The Army Is Working Overtime To Field Its Lightweight New Hot Weather Uniform

Soldiers with the 25th Infantry Division in Hawaii tackle obstacles in February 2017, while evaluating a new, lighter-weight uniform.
Photo via DoD

In keeping with a big year in Official Army Fashion (No more gross gray PT uniforms! Brand new jungle boots! The return of pink and greens!), the Army is working overtime to field its new Improved Hot Weather Army Combat Uniform, the lightweight ACU alternative that features a breathable, quick-drying tunic perfect for the oppressive humidity.

The Army’s current battle uniform is by far more durable than your average weekend civvies; there’s a reason vintage Army wear has been subjected to five decades of cultural appropriation by fashion-forward civilians, for better or worse. But the regular Army Combat Uniform top isn’t without problems when you’re rucking it through humid combat zones like, say, the jungles of Africa — areas the Army’s likely to see deepening involvement in the coming years.

“When it gets wet, it tends to stay wet,” the branch admitted about the uniform in an Oct. 24 release. “And when it's hot out, it tends to keep Soldiers hot.”

You’ve got to give something to get something, though. The Hot Weather ACU sacrifices a few pockets (your pen pockets are safe, thank God) and layers of extra fabric to give you that perfect feel for intemperately warm, wet climes.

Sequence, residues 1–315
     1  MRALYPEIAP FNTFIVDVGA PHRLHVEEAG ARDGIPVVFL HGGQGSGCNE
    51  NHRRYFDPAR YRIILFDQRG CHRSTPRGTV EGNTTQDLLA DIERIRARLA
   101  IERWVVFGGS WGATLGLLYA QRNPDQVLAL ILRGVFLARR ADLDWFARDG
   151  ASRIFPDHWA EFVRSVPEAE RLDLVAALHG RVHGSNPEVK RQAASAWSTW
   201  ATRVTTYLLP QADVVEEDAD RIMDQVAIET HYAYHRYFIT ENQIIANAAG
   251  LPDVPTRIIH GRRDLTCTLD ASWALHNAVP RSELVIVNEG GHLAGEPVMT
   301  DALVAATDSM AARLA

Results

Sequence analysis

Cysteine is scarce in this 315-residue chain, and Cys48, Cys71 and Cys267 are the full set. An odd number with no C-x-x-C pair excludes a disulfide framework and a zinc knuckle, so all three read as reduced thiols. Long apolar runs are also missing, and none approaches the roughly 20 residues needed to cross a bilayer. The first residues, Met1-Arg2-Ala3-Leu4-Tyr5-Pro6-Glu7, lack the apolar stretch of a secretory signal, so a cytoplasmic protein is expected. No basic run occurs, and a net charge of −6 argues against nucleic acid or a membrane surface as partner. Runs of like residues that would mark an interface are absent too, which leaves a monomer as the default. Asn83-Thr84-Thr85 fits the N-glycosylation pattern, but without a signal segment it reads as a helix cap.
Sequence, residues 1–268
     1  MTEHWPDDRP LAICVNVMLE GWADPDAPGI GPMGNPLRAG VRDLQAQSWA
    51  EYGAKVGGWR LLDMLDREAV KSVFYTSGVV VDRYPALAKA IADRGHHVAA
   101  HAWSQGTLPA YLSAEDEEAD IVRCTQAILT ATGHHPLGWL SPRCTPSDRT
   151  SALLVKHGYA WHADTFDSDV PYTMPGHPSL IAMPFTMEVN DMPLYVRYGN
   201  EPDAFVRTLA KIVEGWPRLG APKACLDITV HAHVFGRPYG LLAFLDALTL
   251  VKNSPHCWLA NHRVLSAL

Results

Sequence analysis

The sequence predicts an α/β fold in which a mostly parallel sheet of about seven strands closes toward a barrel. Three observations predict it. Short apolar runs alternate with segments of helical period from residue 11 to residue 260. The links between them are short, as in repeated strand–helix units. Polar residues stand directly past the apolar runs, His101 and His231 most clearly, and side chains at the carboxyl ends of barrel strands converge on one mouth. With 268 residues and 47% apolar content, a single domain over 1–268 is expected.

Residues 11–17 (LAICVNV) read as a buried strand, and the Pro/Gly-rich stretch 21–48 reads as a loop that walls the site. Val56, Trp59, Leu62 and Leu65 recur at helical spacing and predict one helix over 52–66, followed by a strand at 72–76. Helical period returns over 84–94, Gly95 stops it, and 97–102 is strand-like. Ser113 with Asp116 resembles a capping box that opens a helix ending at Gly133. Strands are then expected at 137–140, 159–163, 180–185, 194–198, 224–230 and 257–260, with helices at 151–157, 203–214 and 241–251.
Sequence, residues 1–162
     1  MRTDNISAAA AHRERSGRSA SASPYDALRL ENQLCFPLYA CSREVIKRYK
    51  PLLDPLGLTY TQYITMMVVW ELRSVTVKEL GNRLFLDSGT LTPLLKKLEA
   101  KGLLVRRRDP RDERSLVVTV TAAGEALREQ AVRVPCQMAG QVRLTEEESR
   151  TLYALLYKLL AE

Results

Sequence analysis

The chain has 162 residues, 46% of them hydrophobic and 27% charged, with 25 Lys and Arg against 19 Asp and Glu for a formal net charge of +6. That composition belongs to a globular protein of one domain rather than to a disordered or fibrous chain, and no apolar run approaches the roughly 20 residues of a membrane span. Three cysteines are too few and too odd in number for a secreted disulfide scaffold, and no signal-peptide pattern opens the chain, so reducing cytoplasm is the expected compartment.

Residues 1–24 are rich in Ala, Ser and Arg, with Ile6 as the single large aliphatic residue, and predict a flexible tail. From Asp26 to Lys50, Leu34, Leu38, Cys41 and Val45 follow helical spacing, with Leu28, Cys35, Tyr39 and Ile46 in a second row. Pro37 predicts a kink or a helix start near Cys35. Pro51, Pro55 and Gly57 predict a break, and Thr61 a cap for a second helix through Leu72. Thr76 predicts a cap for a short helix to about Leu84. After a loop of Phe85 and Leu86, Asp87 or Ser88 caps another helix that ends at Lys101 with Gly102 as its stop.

While the Army initially announced plans last August to begin evaluating the new uniform in January 2018, the pipeline just got a lot shorter. The branch announced on Oct. 24 that it planned on fielding the lightweight option “within a year,” starting with the 25th Infantry Division in Hawaii — the same division that’s been testing 30,000 pairs of those brand spanking new jungle boots since March of this year.

"We've tested the heck out of these," PEO Soldier’s Brig. Gen. Brian P. Cummings said in the Army release, noting that because the new uniform “is based on an existing uniform that has already been extensively tested, getting this light-weight uniform to the field will take less time.”

More importantly, the new-and-improved jungle uniform won’t just be for divisions tasked with hunting down ISIS in Central Africa or playing beach volleyball during leave in Hawaii: According to the Cummings, the Army wants to make the new uniform available for purchase by all troops through military retail outlets.

Finally, you’ll never have to shell out for summer linens again!


U.S. Air Force/Staff Sgt. Sandra Welch

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